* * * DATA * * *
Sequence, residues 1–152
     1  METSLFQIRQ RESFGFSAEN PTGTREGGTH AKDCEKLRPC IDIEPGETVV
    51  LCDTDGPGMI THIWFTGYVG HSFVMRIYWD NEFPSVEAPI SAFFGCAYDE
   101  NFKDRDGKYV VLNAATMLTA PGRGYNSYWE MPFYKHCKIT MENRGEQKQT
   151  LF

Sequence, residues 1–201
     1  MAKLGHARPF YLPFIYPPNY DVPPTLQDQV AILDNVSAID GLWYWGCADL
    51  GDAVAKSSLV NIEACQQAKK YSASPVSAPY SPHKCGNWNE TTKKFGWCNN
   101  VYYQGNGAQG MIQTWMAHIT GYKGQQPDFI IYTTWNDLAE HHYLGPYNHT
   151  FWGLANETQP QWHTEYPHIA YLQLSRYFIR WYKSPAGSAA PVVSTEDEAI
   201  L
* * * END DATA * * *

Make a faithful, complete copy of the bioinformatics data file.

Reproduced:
Sequence, residues 1–152
     1  METSLFQIRQ RESFGFSAEN PTGTREGGTH AKDCEKLRPC IDIEPGETVV
    51  LCDTDGPGMI THIWFTGYVG HSFVMRIYWD NEFPSVEAPI SAFFGCAYDE
   101  NFKDRDGKYV VLNAATMLTA PGRGYNSYWE MPFYKHCKIT MENRGEQKQT
   151  LF

Sequence, residues 1–201
     1  MAKLGHARPF YLPFIYPPNY DVPPTLQDQV AILDNVSAID GLWYWGCADL
    51  GDAVAKSSLV NIEACQQAKK YSASPVSAPY SPHKCGNWNE TTKKFGWCNN
   101  VYYQGNGAQG MIQTWMAHIT GYKGQQPDFI IYTTWNDLAE HHYLGPYNHT
   151  FWGLANETQP QWHTEYPHIA YLQLSRYFIR WYKSPAGSAA PVVSTEDEAI
   201  L